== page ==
Sonic boom attenuation is a considerable design challenge to enable civilian aircraft to operate at supersonic flight conditions. One technology proposed by Gulfstream Aerospace for the production of low-noise supersonic aircraft is the high-flow nacelle bypass concept in which an outer nacelle surface is used to encircle the asymmetric external engine protuberances of a traditional turbine engine. Although this bypass flow may reduce the overall sonic boom signature of the vehicle, the engine mechanics and mounting create a highly complex 3-D flow in the annular bypass region. To better understand the 3-D flow features, an approximately 1/6th engine model is tested in a newly constructed axisymmetric subsonic wind tunnel to simulate the bypass flow path. Pressure measurements were taken over a range of circumferential angles and radial positions to investigate characteristics of the fundamental steady state annulus flow such as pressure losses and flow uniformity.

Experimental Study of Iced Airfoil Aerodynamics

M. B. Bragg, A. P. Broeren, G. T. Busch
Funded By: NASA Glenn Research Center

Understanding the relationship between ice accretion geometry and the resulting aerodynamic penalty is important for many applications, including establishing procedures to determine the most critical ice accretion shape for aircraft certification. Research is being conducted under this grant to improve our ability to accurately measure and predict airfoil performance with simulated ice. The presence of the simulated ice causes large regions of unsteady separated flow that make measurement of the aerodynamic performance and computational predictions difficult. First, this study is using detailed measurements of the turbulent wake and a reevaluation of the wake-survey method to improve wake measurement for airfoils with large unsteady wakes. Unsteady pressure measurements and PIV techniques are being used to understand the flowfield over an iced airfoil near stall including the 2-D and 3-D characteristics. 

Simulation Methods for Iced-Aircraft Aerodynamics

M. B. Bragg, A. P. Broeren, L. Blumenthal
Funded By: NASA Glenn Research Center

The objective of this research is to develop accurate aerodynamic simulations of ice accretions for aircraft within a known uncertainty. Currently aircraft certification and other tests use various means to simulate ice accretion, many of which are not well documented. This research will identify the critical physics for ice accretion aerodynamics and propose simulation methods based on an understanding of the dominant ice shape/flowfield features. Wind tunnel testing in three different facilities will be used at NASA, ONERA, and Illinois in conjunction with CFD studies to develop and validate the simulation methods. Results from this research will also be used to define the fidelity needed when simulating complex 3-D ice features when performing CFD modeling or computational ice accretion methods.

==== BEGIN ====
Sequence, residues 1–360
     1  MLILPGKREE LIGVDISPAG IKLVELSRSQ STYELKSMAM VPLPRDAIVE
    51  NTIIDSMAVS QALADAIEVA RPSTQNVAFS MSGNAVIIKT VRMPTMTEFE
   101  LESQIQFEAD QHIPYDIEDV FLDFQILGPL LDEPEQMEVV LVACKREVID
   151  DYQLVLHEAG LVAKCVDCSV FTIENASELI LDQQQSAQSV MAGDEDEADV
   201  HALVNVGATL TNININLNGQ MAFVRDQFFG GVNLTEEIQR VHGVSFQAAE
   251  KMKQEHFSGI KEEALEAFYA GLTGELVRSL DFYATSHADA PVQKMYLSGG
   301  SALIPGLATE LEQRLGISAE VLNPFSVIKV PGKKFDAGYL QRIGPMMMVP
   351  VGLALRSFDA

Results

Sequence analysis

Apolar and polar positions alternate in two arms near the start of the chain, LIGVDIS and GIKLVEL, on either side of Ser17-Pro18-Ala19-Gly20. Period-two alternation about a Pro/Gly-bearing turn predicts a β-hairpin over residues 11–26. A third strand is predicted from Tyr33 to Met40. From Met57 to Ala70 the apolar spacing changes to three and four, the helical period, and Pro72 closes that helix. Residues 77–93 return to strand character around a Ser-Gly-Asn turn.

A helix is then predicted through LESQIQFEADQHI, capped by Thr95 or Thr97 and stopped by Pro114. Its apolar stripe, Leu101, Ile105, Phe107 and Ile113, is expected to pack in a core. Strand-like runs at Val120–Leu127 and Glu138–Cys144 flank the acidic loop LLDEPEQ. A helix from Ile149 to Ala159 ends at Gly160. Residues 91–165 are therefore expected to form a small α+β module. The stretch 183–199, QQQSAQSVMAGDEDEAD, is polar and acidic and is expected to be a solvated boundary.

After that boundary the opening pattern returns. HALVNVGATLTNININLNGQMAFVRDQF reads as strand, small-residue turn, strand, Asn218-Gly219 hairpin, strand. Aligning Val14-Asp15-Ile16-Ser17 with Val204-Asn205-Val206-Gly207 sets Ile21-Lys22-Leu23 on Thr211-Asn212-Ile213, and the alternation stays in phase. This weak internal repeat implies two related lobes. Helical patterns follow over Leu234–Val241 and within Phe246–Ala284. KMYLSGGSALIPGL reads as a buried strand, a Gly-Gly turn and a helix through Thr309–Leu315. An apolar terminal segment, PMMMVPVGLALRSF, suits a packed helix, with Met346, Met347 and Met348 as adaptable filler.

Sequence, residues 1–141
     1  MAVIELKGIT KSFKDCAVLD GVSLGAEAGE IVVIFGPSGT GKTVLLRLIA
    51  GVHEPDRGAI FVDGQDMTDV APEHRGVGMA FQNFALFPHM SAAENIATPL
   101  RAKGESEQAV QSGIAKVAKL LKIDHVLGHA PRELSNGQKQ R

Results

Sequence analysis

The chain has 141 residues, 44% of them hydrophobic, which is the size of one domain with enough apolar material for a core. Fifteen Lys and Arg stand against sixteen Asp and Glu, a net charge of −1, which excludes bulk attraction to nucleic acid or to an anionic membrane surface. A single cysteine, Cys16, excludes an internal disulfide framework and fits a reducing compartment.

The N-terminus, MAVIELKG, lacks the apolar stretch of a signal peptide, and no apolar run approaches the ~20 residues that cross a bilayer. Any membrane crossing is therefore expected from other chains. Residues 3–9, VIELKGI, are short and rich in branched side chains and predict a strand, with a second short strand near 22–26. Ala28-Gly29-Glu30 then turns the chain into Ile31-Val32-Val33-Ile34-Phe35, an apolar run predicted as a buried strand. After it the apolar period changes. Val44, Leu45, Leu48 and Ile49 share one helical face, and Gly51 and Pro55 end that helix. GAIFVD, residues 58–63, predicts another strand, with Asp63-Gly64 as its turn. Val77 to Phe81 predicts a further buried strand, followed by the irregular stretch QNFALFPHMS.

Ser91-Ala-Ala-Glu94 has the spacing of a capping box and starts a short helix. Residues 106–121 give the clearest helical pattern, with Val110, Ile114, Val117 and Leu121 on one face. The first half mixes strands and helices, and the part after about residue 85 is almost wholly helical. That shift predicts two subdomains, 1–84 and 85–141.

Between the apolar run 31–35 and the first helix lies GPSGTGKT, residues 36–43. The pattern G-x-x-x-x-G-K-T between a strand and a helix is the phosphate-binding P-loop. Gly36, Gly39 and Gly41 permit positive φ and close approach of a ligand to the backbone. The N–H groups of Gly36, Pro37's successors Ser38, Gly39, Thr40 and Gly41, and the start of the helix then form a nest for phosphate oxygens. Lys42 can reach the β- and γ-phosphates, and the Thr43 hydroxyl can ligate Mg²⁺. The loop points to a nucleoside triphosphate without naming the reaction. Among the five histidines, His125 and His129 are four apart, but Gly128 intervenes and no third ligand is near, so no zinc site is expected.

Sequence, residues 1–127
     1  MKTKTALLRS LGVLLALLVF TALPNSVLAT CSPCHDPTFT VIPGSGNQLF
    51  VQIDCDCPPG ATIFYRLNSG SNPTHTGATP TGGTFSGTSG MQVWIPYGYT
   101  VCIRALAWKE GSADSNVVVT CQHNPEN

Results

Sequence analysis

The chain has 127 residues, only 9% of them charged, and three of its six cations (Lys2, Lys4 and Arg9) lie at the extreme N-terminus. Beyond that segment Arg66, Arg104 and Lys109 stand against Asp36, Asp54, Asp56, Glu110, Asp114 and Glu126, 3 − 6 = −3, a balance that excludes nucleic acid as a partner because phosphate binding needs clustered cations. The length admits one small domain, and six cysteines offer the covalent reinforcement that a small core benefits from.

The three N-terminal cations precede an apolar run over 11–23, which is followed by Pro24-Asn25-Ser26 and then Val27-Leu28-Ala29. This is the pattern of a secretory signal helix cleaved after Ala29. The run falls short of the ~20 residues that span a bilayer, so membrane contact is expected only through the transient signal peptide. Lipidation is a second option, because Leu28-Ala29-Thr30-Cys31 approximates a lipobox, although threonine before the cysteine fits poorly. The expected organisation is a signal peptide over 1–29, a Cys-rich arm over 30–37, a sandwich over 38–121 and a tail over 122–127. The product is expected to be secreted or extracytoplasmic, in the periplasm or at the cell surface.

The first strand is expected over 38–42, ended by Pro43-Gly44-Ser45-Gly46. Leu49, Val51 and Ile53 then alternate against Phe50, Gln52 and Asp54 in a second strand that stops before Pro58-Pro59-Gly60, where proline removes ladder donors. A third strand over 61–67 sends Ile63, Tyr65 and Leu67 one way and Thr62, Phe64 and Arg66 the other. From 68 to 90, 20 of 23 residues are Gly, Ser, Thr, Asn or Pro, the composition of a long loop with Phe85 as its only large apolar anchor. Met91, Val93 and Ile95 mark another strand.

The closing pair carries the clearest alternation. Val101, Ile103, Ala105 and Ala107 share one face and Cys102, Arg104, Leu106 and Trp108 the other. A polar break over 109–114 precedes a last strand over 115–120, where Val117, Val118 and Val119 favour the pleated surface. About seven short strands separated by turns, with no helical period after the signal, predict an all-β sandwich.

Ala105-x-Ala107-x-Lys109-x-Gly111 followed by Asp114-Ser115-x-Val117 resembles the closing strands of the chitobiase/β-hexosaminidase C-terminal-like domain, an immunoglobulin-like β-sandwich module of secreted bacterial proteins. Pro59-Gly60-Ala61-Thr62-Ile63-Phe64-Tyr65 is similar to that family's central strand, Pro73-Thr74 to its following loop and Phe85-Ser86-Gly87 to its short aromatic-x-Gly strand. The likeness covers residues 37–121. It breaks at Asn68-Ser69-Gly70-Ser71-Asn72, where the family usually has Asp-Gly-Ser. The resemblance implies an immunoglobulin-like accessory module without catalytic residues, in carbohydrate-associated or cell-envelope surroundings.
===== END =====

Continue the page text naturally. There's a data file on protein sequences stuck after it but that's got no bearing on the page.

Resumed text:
Unsteady Flow about an Iced Airfoil

M.B. Bragg, H. Gurbacki, J. Jacobs
Funded By: NASA Glenn Research Center

The prediction of the aerodynamic performance of airfoils and wings with ice accretion is complicated by the unsteady flow that exists near maximum lift. A major feature of this flow is the large separation bubble that occurs aft of the leading-edge ice horn. This experimental study will characterize the unsteady behavior of this bubble using a specially constructed wind tunnel model. High-response pressures and unsteady forces while PIV, surface hot films, and hot wires in the flowfield will provide information on flow reattachment and details of the vortex structures. 

Sensitivity of Aircraft Performance to Icing Cloud Parameters

M.B. Bragg, S. Campbell
Funded By: NASA Glenn Research Center

The objective of this research is to use experimental data to determine the relationship and sensitivity of iced-airfoil performance to icing cloud parameters. This study will use ice shape tracings taken from a previous study produced by NASA. These ice shapes will be recreated as SLA models to be tested in the UIUC subsonic wind tunnel. Results of this research will also be used to link measurable or significant aircraft safety changes to the underlying changes in airfoil aerodynamic performance. 

Simulations of Ice Shape Induced Airfoil Separation Characteristics

E. Loth, M.B. Bragg
Funded By: Federal Aviation Administration, 99-DOT-B/L-1230

A 3-D Navier-Stokes methodology is used to investigate the effects of ice-shaped protuberances on airfoil aerodynamics. The separated flow regions are studied by both steady and unsteady approaches. Results indicate that large changes in the drag, lift, aerodynamic moment, and pressure distributions can occur for upper surface ice shapes with sizes on the order of 1% of the chord length. 

Laminar Airfoil Flow Control

M.B. Bragg, A. Broeren
Funded By: EideticsI

Flow control can be used to enhance turbulent boundary layer attachment and enable longer runs of laminar flow on highly optimized low-drag airfoils. Airfoils are designed and tested to develop this capability.